As an unrepresented writer (and even one WITH an agent!), it’s essential to do your own groundwork to get your first foot in this business … And there’s no bigger step you can take than pitching your own material, the baby you’ve nurtured so tirelessly since its conception!
It should be noted that every pitch you ever perform will be different. No two execs are ever the same. However, there’s some universal insights that will greatly benefit you.
These following lessons relate to a project of mine, The Nth Degree, which is an espionage thriller with a sci-fi twist. This project is my attempt at a large scale tentpole movie that could spin off into sequels and other transmedia and firmly prove I am capable of tackling a huge action blockbuster. Alas, it hasn’t proved fruitful – yet!
LESSON ONE: Be Confident
I was born shy … Some say it’s a curse, but there is a cure: if you want to succeed? Just DO IT!
OK, Shia Lebouf said it first, but it’s true. If you’re confident in your material, it will show off in your pitch. No one wants to hear a downbeat, monotonous drone! They want to hear an exiting story, so make it POP. Learn your pitch like an actor would learn their lines, but keep it conversational, so it doesn’t sound too rehearsed.
LESSON TWO: Be Prepared
The first time I ever pitched was a totally unplanned affair, on the spot, no preparation BUT I felt confident. I attended the LSF’s Hollywood Tuesday during festival week 2013 which was headed up by Luke Ryan, producer of Hot Tub Time Machine.
This movie is a guilty pleasure of mine, so I said to Luke Ryan, “I owe you a beer!” He looked puzzled, so I said “For Hot Tub Time Machine, I loved it”. BOOM! I was in.
I pitched to him in the corner of the bar. He loved the title, the premise and asked questions. In the end he requested it, but the script was only halfway written. He said he was willing to wait till it was ready … By the time it was, he had left the company and moved on. ARGH! Lesson learned, be prepared!
LESSON THREE: Be Polite
I know how to say “Thank you”, even if I actually want to say “Fuck you”. I’ve pitched to people on their phones throughout and a couple that have patronised me to the point of sarcasm. You just have to put on a brave face and say “Thanks for listening”. So try and stay professional even if the person you’re pitching to isn’t.
LESSON FOUR: Be Realistic
When you pitch to someone at a Pitchfest like LondonSWF’s, you’re making an introduction, not a sale. Don’t go in there buying a Ferrari in your head or a new 5 bedroomed house.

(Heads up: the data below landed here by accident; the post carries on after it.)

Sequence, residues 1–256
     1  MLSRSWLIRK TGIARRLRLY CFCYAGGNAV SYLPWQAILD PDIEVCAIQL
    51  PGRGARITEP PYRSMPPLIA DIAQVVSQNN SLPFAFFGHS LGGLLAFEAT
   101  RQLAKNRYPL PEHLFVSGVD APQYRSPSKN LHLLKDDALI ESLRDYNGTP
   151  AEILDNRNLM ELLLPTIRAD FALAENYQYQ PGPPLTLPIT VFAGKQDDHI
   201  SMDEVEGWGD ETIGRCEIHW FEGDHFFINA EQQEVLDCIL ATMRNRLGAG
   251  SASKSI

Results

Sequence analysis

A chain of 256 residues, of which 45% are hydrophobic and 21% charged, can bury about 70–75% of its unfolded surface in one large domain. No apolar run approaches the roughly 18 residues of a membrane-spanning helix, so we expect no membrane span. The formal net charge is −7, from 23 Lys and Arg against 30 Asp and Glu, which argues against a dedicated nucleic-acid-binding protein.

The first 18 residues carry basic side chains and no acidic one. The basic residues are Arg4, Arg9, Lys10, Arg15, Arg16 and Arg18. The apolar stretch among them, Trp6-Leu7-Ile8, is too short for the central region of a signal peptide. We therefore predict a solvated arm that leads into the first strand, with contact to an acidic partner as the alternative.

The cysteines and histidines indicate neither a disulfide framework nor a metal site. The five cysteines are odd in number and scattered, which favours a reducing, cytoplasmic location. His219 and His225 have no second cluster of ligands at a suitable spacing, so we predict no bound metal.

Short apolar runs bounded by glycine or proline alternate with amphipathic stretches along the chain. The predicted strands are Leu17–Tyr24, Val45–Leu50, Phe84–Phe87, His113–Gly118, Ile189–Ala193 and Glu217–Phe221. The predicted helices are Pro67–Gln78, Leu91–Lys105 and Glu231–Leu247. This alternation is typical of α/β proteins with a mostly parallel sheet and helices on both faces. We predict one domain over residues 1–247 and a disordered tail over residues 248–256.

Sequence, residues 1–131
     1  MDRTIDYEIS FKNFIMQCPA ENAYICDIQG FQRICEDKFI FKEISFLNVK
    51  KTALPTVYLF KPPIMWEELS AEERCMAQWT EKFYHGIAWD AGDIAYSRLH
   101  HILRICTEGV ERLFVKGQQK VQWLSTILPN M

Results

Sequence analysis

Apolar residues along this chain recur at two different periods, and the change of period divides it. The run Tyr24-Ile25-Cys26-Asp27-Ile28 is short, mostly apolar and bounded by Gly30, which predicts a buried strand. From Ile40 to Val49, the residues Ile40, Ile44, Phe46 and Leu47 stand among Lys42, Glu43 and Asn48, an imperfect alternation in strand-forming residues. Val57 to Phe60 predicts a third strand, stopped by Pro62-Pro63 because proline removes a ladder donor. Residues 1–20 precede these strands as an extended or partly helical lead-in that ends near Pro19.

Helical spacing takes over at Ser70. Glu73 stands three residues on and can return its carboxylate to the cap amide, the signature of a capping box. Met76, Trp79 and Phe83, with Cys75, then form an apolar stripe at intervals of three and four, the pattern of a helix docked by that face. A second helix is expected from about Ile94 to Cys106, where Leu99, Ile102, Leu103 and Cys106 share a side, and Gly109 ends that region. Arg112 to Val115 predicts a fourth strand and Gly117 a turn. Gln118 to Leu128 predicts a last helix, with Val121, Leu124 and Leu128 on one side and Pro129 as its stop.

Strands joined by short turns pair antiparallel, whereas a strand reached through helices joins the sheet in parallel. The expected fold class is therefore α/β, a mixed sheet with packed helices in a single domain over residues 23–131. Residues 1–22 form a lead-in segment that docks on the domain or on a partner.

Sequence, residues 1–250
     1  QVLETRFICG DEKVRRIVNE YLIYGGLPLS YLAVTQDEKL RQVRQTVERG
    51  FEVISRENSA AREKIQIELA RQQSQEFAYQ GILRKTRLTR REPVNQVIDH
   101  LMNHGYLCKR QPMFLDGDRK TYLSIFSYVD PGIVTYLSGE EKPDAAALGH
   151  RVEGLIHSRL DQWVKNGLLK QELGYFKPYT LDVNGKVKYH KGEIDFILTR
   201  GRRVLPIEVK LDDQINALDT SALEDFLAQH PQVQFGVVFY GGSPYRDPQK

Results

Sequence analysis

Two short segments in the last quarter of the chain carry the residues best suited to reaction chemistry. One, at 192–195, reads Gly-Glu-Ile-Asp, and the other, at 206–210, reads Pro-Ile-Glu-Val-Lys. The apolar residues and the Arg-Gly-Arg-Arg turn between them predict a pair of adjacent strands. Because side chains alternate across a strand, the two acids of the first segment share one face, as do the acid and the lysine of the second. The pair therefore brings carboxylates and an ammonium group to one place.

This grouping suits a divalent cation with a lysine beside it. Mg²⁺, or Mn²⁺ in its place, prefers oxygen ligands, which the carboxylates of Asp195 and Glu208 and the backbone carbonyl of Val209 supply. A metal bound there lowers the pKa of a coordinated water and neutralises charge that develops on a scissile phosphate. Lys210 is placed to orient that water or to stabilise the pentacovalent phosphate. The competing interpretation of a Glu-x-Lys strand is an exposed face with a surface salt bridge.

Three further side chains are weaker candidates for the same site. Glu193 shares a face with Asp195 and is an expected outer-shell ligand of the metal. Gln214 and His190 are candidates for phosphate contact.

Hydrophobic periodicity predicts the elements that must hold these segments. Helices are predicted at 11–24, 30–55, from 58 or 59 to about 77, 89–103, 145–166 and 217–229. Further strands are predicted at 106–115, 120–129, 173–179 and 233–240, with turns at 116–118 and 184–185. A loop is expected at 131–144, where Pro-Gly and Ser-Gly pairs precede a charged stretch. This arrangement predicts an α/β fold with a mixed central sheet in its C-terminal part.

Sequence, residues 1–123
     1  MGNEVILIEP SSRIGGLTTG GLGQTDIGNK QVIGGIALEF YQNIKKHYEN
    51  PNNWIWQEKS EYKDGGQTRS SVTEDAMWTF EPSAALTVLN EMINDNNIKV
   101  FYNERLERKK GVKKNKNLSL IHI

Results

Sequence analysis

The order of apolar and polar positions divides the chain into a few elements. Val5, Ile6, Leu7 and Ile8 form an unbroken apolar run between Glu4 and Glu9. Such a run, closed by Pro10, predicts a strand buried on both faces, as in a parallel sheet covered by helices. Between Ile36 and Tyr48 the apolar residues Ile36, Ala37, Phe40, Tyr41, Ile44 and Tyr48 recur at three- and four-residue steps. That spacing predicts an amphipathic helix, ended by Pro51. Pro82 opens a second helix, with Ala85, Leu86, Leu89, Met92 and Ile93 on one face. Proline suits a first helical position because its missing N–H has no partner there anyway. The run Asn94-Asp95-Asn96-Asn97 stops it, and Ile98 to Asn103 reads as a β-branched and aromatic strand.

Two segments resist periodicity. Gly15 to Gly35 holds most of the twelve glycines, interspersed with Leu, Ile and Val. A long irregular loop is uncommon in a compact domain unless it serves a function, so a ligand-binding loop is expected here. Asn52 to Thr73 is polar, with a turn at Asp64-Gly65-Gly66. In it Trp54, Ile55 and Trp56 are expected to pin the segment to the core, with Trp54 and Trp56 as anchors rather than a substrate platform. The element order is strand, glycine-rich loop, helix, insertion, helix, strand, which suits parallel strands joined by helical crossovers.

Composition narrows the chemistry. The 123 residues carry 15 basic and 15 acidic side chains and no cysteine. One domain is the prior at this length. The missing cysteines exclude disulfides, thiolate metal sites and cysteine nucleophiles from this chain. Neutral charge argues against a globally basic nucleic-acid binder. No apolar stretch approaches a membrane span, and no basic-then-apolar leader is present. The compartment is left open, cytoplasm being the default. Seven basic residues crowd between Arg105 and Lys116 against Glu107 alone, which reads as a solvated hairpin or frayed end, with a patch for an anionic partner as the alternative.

Instead, go in there with the mindset that you’re making a connection that may lead to a meeting. I pitched The Nth Degree at my first Pitchfest and had a couple of requests for it which resulted in the same outcome I had with Luke Ryan. I was unprepared. I cannot stress lesson 2 enough. If you’re lucky enough to get a request for your script and you send it off to them, chances are they will view it as a sample and then if you’re doubly lucky, they might invite you in for a meeting. SO BE READY IF THEY DO!
LESSON 5: Be Prepared, Part 2
This lesson is so important I had to mention it again. As well as having your script ready to go, you need to thoroughly research the pitch exec and company they work for. You can find out what they have produced with a Google search and IMDB. It’s never been easier.
Over the last year I have pitched The Nth Degree to Millennium Films, Lionsgate, Rat Pac Entertainment, Echo Lake, Benderspink, Untitled Entertainment and Zero Gravity Management. They all loved the concept, commercial appeal and characters, but all passed, mostly due to either having films coming out with similar characters and themes or the fact that it isn’t based on an existing IP. Another company, whose name escapes me now, said it was too high concept.
But I still received some excellent feedback, especially from Benderspink suggesting I convert it into a TV series instead. This one piece of feedback has opened my eyes to a potential I had never envisaged before. What’s not to like??
As I mentioned earlier, every exec is different. These are just some of my experiences I have consolidated here to hopefully help you along the path to success. As an unrepresented writer, I still have a lot of pitching to do before I land an agent, a manager and most importantly, a meeting.
Best of luck with your own pitches!